News

Hey, Perez Hilton? The Reason You Won't Sign Your Son Up for Dance Class Makes No Sense

"I don't want to enroll my son in dance class because I'm scared/worried/convinced it will make him gay." We've all heard some variation on this one, right?

Someone we'd never expect to hear it from: television personality and Hollywood gossip columnist Perez Hilton.

Wait, you might be saying. Isn't he gay? Yes. Which makes this whole thing even weirder.

On a recent episode of his podcast, Hilton stirred controversy by stating that he would prefer his five-year-old son to be straight, and therefore would not be enrolling him in dance classes, because in his experience, the majority of men attracted to dance and dance-related professions are gay. He did so while emphasizing that he believes himself to have been born gay.

He posted a YouTube video on Sunday to clarify his statements. But if anything, Hilton has only dug himself a deeper hole.


Let's break this down, shall we?

Whether or not you agree with his statement that he would prefer if his son grew up to be a straight man, his logic does track: Members of the LGBTQ+ community do face difficulties that their cisgender and heterosexual counterparts do not. Not wanting your child to have to face harassment and discrimination over their gender identity or sexual orientation is an understandable sentiment.

We start running into issues when he begins using this as a reason to not enroll his son in dance class.

Are there gay men in dance? Yes. Did dancing make them that way? No.

Sexual orientation is already determined at birth—a statement with which Hilton clearly agrees. Therefore, whether or not a child is enrolled in an activity which stereotypically attracts homosexual men should have no impact on that child's sexual orientation. To state otherwise is a flabbergasting bit of mental gymnastics that only serves to reinforce stigmas around LGBTQ+ communities and tired, frustrating stereotypes about men who dance.

There are gay and straight men (and women!) in dance, as well as individuals who are bisexual, asexual, gender nonconforming, transgender...I could go on, but the point is that their identities are not a result of their dancing.

Enrolling your child in dance class will not make them gay. What it will make them is a person equipped with problem-solving skills, grit, discipline, resilience, the ability to grow from mistakes and so many other traits whose benefits stretch beyond the studio.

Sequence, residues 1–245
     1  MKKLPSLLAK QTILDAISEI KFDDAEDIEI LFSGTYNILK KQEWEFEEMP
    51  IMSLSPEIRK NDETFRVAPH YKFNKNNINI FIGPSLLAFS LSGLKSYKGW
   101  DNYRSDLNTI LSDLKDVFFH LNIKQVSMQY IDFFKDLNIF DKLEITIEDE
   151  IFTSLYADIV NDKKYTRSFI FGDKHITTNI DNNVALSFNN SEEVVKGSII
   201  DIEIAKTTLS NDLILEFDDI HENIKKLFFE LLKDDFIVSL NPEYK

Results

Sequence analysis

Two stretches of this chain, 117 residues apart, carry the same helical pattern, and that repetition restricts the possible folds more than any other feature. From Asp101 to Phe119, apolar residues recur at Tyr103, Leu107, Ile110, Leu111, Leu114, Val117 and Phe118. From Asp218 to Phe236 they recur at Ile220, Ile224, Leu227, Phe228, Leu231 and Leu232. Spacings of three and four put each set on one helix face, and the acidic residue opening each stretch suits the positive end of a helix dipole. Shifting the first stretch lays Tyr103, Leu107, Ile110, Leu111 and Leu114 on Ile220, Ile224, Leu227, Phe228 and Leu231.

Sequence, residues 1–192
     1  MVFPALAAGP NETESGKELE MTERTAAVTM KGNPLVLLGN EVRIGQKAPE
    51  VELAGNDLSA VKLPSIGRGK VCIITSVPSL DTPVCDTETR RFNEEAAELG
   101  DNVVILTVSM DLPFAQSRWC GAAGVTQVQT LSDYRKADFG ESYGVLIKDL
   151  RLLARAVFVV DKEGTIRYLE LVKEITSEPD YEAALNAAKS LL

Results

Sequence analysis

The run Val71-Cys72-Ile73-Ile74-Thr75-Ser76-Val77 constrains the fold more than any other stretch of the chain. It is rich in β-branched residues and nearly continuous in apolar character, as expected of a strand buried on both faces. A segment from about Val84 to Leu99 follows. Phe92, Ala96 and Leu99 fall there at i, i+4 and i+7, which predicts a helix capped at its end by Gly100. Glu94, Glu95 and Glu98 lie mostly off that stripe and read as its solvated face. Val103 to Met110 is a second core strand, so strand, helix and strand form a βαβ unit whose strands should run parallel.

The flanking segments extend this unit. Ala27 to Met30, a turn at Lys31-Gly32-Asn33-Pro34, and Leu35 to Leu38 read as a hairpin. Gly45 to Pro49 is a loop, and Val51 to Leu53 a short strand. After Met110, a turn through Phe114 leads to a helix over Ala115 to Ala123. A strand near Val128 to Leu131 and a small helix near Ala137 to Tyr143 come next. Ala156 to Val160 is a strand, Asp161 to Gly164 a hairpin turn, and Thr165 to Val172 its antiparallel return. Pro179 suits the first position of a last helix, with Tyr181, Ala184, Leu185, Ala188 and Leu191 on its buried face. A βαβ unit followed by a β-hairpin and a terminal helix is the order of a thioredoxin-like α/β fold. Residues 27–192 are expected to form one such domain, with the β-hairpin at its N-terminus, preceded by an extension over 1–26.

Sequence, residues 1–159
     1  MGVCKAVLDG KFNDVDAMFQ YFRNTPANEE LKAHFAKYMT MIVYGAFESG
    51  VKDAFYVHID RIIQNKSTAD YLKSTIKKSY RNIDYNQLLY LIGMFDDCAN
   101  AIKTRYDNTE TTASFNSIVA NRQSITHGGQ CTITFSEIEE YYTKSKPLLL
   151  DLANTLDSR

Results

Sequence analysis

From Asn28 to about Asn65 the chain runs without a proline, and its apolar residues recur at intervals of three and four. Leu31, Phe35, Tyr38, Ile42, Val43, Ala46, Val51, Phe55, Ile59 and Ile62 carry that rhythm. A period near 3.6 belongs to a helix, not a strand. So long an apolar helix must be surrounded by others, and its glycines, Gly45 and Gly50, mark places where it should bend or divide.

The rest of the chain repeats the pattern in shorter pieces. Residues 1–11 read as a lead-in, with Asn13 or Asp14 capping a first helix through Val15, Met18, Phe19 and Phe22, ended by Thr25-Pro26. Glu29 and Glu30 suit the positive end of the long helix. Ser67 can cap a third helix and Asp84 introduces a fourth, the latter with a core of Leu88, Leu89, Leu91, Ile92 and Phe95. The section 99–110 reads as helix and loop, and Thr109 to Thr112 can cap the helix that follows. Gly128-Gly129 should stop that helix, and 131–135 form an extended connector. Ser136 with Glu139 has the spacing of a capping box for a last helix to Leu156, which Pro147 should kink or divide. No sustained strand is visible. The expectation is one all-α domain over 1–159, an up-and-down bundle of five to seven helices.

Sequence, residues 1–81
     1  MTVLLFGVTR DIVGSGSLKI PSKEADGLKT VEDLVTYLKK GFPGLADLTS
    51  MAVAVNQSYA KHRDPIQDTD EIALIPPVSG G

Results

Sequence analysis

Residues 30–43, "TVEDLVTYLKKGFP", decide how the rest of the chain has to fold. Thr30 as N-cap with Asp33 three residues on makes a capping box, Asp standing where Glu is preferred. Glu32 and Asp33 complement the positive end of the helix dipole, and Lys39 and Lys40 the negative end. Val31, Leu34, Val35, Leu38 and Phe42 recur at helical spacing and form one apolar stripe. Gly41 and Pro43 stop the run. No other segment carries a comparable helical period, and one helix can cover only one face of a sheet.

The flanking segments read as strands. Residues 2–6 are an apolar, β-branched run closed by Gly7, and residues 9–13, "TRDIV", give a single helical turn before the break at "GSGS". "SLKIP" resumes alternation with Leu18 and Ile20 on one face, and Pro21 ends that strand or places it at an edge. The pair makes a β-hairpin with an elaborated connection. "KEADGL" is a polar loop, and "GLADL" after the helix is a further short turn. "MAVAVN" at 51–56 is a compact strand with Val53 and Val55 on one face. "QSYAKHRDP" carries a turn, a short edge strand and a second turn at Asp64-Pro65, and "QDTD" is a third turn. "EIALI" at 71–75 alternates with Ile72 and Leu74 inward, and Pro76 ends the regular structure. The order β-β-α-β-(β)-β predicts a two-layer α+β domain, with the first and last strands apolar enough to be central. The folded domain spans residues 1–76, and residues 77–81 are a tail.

But here's one more: empathy. I think we can all agree that it's something the world can use more of, especially if we want to see less discrimination and harassment over people's identities.

Teachers Trending
Maks and Val Chmerkovskiy. Photo courtesy Dance With Me

Listening to Maks and Val Chmerkovskiy riff together makes it crystal-clear why each has mastered the art of partnering in the ballroom—they've long been doing this dance in real life as brothers and business partners.

Along with their "Dancing with the Stars" pedigree (and a combined three mirror-ball trophies between them), Maks and Val (and their father, Sasha) also run Dance With Me, a dance company hosting six ProAm Dancesport competitions annually and running 14 brick-and-mortar studio locations across the U.S.

Last year, the pair launched an online component, Dance & Co. The online video platform offers beginner through advanced instruction in not only ballroom but an array of other styles, as well as dance fitness classes from HIIT to yoga to strength training. "DWTS" fans will recognize such familiar faces as Peta Murgatroyd, Jenna Johnson, Sharna Burgess and Emma Slater, along with Maks and Val themselves.

Keep reading... Show less
Teaching Tips
@jayplayimagery, courtesy Kerollis

In the spring of 2012, Barry Kerollis was abruptly forced into treating his career as a small business. Having just moved cross-country to join BalletX, he got injured and was soon let go.

"I'd only ever danced with big companies before," the now-freelance dance-teacher-choreographer-podcaster recalls. "That desperation factor drove me to approach freelancing with a business model and a business plan."

As Kerollis acknowledges, getting the business of you off the ground ("you" as a freelance dance educator, that is) can be filled with unexpected challenges—even for the most seasoned of gigging dancers. But becoming your own CEO can make your work–life balance more sustainable, help you make more money, keep you organized, and get potential employers to offer you more respect and improved working conditions. Here's how to get smart now about branding, finances and other crucial ways to tell the dance world that you mean business.

Keep reading... Show less
Teachers Trending
Courtesy Oleson

American dance educator Shannon Oleson was teaching recreational ballet and street-dance classes in London when the pandemic hit. As she watched many of her fellow U.S. friends pack up and return home from their international adventures, she made the difficult choice to stick with her students (as well as her own training—she was midway through her MFA at Trinity Laban Conservatoire of Music and Dance).

Despite shutdowns and shelter-in-place orders, she was able to maintain a teaching schedule that kept her working with her dancers through Zoom, as well as lead some private, in-home acro classes following government guidelines. But keeping rec students interested in the face of pandemic fatigue hasn't been easy.

Keep reading... Show less

Get Dance Business Weekly in your inbox

Sign Up Used in accordance with our Privacy Policy.